They tried to get a few more years out of the fleet by painting the trucks white, but they were old and creaky and eventually they replaced them. With exploding Ford Pintos. You could hear the gasoline sloshing ominously below your butt when you came to a stop. Several other iffy brands were trotted out and retired and finally they designed a new truck just for the Postal Service. It had a driver's window and a windshield and a bedazzlement of tiny mirrors. You could see behind the rear bumper by squinting at the top left mirror in the front aimed at the back left mirror, or was it the second-from-the-top? It was safest just to take it really slow in reverse and keep your ears peeled for thumps and screams.

By all means, bring on the driverless truck. Set it at a solid mosey calculated to stop at every house for whatever time Management thinks it should take, and if someone has a question or outgoing mail or something--too bad!

That's all part of the Customer Reduction Plan.

Wednesday, August 7, 2019

New Dawn Coming

This is how it was.

It started just before dawn with a peep here and a warble there and before you knew it, a fabric of bird song was unfurling, birds in the hundreds, saluting the new day, claiming their ground, making a joyful noise. If you were familiar and so inclined, you could tease out the individual threads, or you could just allow the whole brocade to weave itself and wrap around you.

There are places that still host such a wonder, and maybe it's every bit as splendid as it once was, but who's to say? Who remembers? I heard it in West Virginia, a wealth of warblers in their spring migration, returning to the same trees and the same woods in the same mountains they were born. It's an extravagance of life, except where the mountains were decapitated for coal and their dismembered bodies dumped in the streams.

But most of us do not wake to the dawn chorus anymore. Maybe we snarl awake to one crow we find annoying. Most likely there are three or four birds in our yard and we can't tell one from the other, or aren't moved to. Three or four ignorable birds seem like the normal amount. We were born yesterday. We have no idea what is missing, so we don't miss it.

That's what happens. Whatever condition you find yourself in, you get used to it quickly. One day you're utterly amazed that you can take a stack of books on vacation on a device the size of a playing card. The next day you find yourself picking up an old paper book and spreading your fingers on the page to enlarge the font.

So it turns out to be really easy to persuade people that global warming isn't a big deal, or that we have nothing to do with it, or even that it isn't really happening. Doesn't matter that it was predicted over a hundred years ago, or that everything scientists have warned us about is already happening, or that the only thing they missed is the torrid pace of it. All it takes is a bunch of money; a disinformation campaign and propaganda outlets created and funded to spread it; and an underlying resentment to exploit, a suspicion that over-educated scientists are scolds who think they're better than we are. And that bumbling fop Al Gore, annoying as a morning crow, is just in it for the money.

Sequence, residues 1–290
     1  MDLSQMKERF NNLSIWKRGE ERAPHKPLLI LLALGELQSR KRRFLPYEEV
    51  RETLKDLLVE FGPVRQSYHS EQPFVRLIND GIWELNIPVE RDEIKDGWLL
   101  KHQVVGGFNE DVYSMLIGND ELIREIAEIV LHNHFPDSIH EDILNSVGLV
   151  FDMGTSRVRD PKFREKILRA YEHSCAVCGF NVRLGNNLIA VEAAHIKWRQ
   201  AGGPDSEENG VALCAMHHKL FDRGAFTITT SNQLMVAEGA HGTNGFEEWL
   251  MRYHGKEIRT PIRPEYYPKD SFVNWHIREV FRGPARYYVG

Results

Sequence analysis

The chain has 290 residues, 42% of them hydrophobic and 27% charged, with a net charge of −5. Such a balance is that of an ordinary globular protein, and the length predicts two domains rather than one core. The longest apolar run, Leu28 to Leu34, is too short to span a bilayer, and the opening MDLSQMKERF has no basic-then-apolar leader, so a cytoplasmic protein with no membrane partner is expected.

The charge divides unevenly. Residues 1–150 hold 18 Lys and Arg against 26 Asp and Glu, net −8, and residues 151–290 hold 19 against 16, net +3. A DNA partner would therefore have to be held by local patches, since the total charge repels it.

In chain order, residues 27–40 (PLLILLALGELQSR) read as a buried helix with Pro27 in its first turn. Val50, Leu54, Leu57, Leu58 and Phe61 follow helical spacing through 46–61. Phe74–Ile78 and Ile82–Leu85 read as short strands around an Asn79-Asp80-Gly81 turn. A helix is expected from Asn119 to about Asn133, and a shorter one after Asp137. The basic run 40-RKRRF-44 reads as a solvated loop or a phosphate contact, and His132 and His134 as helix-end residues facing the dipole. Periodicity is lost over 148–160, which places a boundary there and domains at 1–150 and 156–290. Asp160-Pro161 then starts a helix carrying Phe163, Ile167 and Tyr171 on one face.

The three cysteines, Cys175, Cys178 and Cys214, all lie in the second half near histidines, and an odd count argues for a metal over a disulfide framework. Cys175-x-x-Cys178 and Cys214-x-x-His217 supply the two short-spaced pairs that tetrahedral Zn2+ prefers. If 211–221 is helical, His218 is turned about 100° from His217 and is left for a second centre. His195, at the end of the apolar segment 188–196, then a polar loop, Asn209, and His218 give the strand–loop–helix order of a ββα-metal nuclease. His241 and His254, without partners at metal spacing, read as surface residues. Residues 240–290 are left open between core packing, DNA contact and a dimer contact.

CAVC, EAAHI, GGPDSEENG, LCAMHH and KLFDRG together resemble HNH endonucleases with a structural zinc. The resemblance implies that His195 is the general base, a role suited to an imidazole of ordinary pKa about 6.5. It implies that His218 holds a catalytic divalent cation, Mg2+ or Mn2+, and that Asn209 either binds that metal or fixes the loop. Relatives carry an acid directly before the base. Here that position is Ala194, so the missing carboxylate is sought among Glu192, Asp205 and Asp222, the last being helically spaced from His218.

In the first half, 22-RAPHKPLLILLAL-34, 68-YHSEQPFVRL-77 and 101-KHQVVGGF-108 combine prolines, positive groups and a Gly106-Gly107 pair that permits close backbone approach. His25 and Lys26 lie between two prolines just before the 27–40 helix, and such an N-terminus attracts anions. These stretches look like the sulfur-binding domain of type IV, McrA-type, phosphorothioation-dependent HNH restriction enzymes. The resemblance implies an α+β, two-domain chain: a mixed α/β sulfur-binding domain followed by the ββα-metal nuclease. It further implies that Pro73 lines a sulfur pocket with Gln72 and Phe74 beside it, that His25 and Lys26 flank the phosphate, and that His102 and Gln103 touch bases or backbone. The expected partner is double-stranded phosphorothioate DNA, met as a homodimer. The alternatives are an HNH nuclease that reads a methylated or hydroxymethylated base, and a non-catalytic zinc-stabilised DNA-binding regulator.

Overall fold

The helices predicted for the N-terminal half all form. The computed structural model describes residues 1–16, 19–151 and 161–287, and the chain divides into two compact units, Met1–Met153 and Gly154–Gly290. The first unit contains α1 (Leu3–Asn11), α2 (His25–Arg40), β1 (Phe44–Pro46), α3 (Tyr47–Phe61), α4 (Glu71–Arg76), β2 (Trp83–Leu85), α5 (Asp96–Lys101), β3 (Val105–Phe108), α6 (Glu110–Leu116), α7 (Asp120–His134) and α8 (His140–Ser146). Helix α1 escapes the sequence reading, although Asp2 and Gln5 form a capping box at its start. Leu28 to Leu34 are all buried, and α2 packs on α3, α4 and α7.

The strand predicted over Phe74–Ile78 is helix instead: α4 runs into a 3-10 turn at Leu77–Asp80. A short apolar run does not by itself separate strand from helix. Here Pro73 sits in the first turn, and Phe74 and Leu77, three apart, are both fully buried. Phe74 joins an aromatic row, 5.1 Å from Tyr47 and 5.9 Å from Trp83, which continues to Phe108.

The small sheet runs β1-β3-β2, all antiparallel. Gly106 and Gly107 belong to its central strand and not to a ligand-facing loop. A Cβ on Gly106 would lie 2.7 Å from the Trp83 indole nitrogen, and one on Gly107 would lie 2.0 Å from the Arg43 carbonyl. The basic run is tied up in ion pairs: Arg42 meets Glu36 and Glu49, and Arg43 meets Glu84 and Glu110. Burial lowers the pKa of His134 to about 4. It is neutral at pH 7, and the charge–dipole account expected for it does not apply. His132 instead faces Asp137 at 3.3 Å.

Because it's simply not possible. There's no way humans could have an effect on something as huge as the climate. That's ridiculous. The climate changes. It always has. It can't be us.

But it's not only true, it's obvious, if you take just a step back and pack a few facts in your pocket. The composition of the atmosphere has changed a number of times for a number of reasons. Ultimately it comes down to where the carbon is. At one time plants grew so large that they pulled carbon from the air and loaded it up with oxygen. Firestorms released the carbon again. Plants were submerged in warm, rising waters and the carbon was buried in the ground in the form of oil and coal. Quarantined. For 300 million years. If we come along and pull sixty million years'-worth of safely buried carbon and burn it up again in a matter of a hundred years or so, it's back in the air. Fast.

So what people who scoff fail to appreciate is what a special time we are living in. Being able to keep large uninsulated houses the same temperature all year is nice, but it's not normal. Being able to motor a hundred miles for a day trip is nice, but it's not normal. We're on a heck of a ride, but it's costing us. It's more than we can afford.

Our weather isn't normal either. Almost everyone can see that now. Greenland is melting. The Arctic is on fire. More and more, people are coming around to the idea that we really have started something we need to fix. Some day. And now that the writing is on the wall, and we're told we have maybe a decade to kick our fossil fuel addiction--to leave it in the ground--it's more important than ever that we learn why. Facts we got. It's wisdom we need.

Because it's going to be damned hard. And, as always, it's going to be even harder on the poor. Our task is nearly impossible, but the alternative is not survivable. We all need to understand how urgent our situation is, or we will be conned once again by the first rapacious gasbag who tells us that the liberal elites want us to pay a buck more for gasoline. Or take away our "freedom" to use plastic straws. Or foist "socialism" on us, whatever vague horror we imagine that to be.

We're in a stupid amount of trouble.